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dc.contributor.authorManning, Matthew
dc.contributor.authorAmbrey, Christopher
dc.contributor.authorFleming, Christopher
dc.description.abstractThe Indigenous people of Australia are severely disadvantaged according to a range of objective indicators. Unfortunately, the use of subjective indicators has been largely absent from the Indigenous policy domain. This is problematic because many things that matter to Indigenous peoples cannot be measured objectively. This paper addresses this gap; specifically, we employ a range of econometric techniques and Australian household data to explore the subjective wellbeing of Indigenous Australians in relation to: (1) levels of life satisfaction; (2) inequality in life satisfaction; (3) the prevalence and severity of dissatisfaction; and (4) determinants of life satisfaction. Results indicate that Indigenous life satisfaction peaked in 2003 and has since declined, and inequality in life satisfaction is greater for Indigenous than non-Indigenous Australians. Further, while the determinants of life satisfaction for non-Indigenous Australians are consistent with existing evidence and a priori expectations, the results for Indigenous Australians differ in many respects.en_US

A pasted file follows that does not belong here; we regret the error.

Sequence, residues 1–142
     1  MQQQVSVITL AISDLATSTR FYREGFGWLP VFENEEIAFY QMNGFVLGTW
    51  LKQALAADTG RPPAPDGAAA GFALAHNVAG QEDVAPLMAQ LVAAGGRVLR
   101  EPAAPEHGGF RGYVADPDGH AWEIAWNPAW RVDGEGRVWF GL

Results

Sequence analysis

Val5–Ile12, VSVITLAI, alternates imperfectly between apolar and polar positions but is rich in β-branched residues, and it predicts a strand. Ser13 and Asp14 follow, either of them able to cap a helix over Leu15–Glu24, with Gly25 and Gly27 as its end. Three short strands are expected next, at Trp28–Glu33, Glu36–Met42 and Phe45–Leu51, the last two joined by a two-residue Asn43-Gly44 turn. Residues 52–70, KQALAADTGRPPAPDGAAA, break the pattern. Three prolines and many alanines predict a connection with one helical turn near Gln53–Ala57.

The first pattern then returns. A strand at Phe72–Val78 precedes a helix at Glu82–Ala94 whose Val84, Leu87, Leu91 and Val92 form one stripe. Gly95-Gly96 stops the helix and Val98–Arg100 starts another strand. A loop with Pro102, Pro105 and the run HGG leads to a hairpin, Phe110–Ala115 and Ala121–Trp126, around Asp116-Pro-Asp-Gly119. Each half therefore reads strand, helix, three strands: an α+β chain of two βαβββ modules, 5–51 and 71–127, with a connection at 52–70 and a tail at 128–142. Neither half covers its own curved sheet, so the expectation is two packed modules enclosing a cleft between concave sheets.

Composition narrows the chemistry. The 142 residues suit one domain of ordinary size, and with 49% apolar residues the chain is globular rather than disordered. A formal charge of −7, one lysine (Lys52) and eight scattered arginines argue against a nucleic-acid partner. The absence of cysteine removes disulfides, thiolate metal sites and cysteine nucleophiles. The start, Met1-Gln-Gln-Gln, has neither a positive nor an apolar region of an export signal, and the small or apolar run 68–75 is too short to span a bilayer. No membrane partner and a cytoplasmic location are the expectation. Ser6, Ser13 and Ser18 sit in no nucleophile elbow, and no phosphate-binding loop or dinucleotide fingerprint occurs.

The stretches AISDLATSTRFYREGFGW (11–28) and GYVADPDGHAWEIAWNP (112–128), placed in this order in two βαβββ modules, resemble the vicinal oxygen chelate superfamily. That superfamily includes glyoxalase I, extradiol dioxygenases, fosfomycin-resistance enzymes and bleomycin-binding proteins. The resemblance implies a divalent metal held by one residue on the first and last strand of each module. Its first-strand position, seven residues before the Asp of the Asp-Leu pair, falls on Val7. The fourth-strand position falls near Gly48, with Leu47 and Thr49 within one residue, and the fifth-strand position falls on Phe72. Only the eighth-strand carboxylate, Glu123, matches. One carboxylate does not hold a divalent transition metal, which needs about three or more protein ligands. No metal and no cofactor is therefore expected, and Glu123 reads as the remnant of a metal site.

dc.publisherSpringer Netherlandsen_US
dc.relation.ispartofjournalJournal of Happiness Studiesen_US
dc.subject.fieldofresearchPsychology not elsewhere classifieden_US
dc.titleA Longitudinal Study of Indigenous Wellbeing in Australiaen_US
dc.typeJournal articleen_US
dc.type.descriptionC1 - Peer Reviewed (HERDC)en_US
dc.type.codeC - Journal Articlesen_US
gro.description.notepublicThis publication has been entered into Griffith Research Online as an Advanced Online Version.en_US
gro.hasfulltextNo Full Text

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